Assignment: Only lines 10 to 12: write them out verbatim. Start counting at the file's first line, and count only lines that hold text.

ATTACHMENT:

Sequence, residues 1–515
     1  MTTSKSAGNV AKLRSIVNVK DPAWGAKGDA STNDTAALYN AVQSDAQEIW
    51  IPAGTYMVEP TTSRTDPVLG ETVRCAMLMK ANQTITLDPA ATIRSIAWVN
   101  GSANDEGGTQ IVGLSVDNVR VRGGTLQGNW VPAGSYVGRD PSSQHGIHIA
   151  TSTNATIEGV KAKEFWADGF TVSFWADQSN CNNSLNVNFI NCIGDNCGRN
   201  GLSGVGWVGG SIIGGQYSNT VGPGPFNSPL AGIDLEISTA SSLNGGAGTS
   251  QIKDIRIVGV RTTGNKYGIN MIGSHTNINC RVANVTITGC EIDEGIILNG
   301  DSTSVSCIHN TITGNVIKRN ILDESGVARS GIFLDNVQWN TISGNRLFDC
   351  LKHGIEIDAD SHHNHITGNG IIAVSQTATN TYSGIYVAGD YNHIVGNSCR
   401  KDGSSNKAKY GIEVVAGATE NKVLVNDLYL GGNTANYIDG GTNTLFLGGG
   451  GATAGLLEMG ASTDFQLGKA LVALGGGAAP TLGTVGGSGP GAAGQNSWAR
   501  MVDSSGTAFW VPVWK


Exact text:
   401  KDGSSNKAKY GIEVVAGATE NKVLVNDLYL GGNTANYIDG GTNTLFLGGG
   451  GATAGLLEMG ASTDFQLGKA LVALGGGAAP TLGTVGGSGP GAAGQNSWAR
   501  MVDSSGTAFW VPVWK